Inhabiting each mile out on the road more fully because on a bike, and therefore feeling a part of the air that surrounds the domicile of another, the yearning is more intense as well. The Victorian farmhouse, on a height above the Hudson, with the view of distant mountains; the urban brick townhouse, black wrought iron surrounding; the slick dark wood modern glimpsed down a gravel drive in the hillside woods--I want them all. I want enough lifetimes to live in that beautiful place, and that beautiful place. In a beautiful place, life would be beautiful too. I would have lawn parties, and tend great gardens, and have large spaces inside in which to move, room to room to room, as if traveling the road of the interior.
I have seen your pretty house. And I have wanted your pretty house, in a fit of lust that embarrasses me. I should not want; I have what I need. It is modest. It is mine. But it is not your pretty house, and I want to own it, just once. Yet I am in my lifetime, on the downward arc, and there is no longer room to even fantasize many more lifetimes. (When I was in my twenties, in my thirties, I could still imagine the supply of lifetimes was more or less infinite, like the selection in the cereal aisle at Shoprite.) I get but one. That is the point. Silly.
This, for me, is the wage for riding around. New England, New York, the South. We built great houses here in the past, didn't we? And damn if each one isn't calling out to me, pulling my sight from the road ahead to an orgy of imagining: What if I lived here?
I love the beckoning drive, the spreading maple. The large porch, the dining table out on the patio. The horses calmly cropping their green meal beside the barn, living paintstrokes to embellish and beautify the homestead.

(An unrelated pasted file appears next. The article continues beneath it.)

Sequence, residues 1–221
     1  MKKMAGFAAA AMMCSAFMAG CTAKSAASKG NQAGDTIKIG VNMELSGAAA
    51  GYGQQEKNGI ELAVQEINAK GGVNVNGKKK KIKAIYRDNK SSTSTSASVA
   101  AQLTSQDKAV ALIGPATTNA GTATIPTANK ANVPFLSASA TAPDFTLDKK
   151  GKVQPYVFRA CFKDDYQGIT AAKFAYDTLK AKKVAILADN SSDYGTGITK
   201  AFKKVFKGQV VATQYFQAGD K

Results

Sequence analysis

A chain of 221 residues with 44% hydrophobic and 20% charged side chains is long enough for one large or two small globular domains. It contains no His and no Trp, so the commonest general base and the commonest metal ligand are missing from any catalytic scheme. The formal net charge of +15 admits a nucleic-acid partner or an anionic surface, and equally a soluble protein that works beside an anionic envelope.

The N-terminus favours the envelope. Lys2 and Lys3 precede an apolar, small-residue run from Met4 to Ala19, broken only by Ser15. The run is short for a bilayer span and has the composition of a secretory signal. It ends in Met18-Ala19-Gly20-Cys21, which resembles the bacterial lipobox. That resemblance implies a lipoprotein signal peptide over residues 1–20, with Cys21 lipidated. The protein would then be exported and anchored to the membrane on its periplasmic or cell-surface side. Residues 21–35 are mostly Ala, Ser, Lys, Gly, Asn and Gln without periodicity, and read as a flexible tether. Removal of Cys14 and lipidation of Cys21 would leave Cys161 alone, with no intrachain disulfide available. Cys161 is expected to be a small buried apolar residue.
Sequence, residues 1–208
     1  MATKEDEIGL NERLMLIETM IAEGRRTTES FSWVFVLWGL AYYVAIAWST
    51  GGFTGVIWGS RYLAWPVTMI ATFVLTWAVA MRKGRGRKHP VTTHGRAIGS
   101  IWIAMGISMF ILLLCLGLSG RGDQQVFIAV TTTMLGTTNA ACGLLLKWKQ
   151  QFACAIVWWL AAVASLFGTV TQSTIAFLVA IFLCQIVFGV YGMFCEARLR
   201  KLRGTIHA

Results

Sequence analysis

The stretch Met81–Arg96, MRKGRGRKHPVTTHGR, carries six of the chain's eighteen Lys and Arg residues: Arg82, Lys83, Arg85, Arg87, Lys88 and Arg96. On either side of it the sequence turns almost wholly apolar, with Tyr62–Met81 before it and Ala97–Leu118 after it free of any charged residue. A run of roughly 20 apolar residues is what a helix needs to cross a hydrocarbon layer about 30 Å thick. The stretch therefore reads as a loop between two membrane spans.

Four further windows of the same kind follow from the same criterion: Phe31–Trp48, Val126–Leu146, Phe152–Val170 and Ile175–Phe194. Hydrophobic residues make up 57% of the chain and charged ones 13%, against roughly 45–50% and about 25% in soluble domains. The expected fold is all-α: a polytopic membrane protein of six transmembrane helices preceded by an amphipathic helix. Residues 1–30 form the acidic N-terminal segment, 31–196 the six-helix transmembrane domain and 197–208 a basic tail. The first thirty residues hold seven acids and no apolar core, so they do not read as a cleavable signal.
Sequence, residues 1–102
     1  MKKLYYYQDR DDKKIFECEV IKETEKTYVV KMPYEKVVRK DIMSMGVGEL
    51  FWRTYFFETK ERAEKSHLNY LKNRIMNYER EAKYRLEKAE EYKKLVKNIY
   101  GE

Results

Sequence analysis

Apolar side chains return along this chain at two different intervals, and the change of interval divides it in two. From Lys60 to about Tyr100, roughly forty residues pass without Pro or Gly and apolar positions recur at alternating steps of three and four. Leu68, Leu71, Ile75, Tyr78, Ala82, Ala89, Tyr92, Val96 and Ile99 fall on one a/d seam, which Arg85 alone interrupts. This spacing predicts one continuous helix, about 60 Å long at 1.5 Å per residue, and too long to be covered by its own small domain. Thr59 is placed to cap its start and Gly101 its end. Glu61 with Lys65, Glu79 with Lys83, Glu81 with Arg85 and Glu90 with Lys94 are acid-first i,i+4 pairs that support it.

Hey, look, you: I have had my time. I had the big house and the big parties, the big garden (or the beginnings of one, anyway, though it did have the big weeds). I should not ache that keenly to go back, to have that kind of time, energy, money, dreams. To want that is to want youth with all its attendant hopes, and that's not cool. But riding these back roads has taken me back, so I seem not to help it, no matter how Buddhist I aspire to be: Desire is the seat of all unhappiness.
Today I listened on the other end of the phone line as a friend, in tears, described her frustration that as her husband works, their own house seems to be falling to pieces. This broke, in the recent winds; that is falling off; the other is crumbling or shearing or graying or tearing. And her husband is helping other friends get what she knows she will never have: the backyard pool, the perfect siding, the ravishing landscaping, while yet others have kitchen renovations and new mosaic tile in the bath.
The thing is, I myself think of her place as someplace I could never have: so lush, so welcoming, so amenable to the outdoor dinner party, in part supplied by the vegetable garden I will never have (at least not here, in the tree-locked shade of a small yard). She wants the house of someone she knows; I want the house of someone I know, as well as a hundred houses of those I do not.
I ride, slowing, past the great estates, and past the farmhouses of promise. I try to quell desire. It is all telling me something, my ache, and the quick shame that follows.
Anyway, at the end of the day, I come home. I pull in to the drive, and admire the stone on the side of the garage. I'm pretty happy with that pot of annuals, there. The house looks tidy. Someone else, passing by on the road, is probably thinking: Look there! How sweet. I wish I could have a house like that, someday. They don't know, but maybe they will.
They ride on, down the street.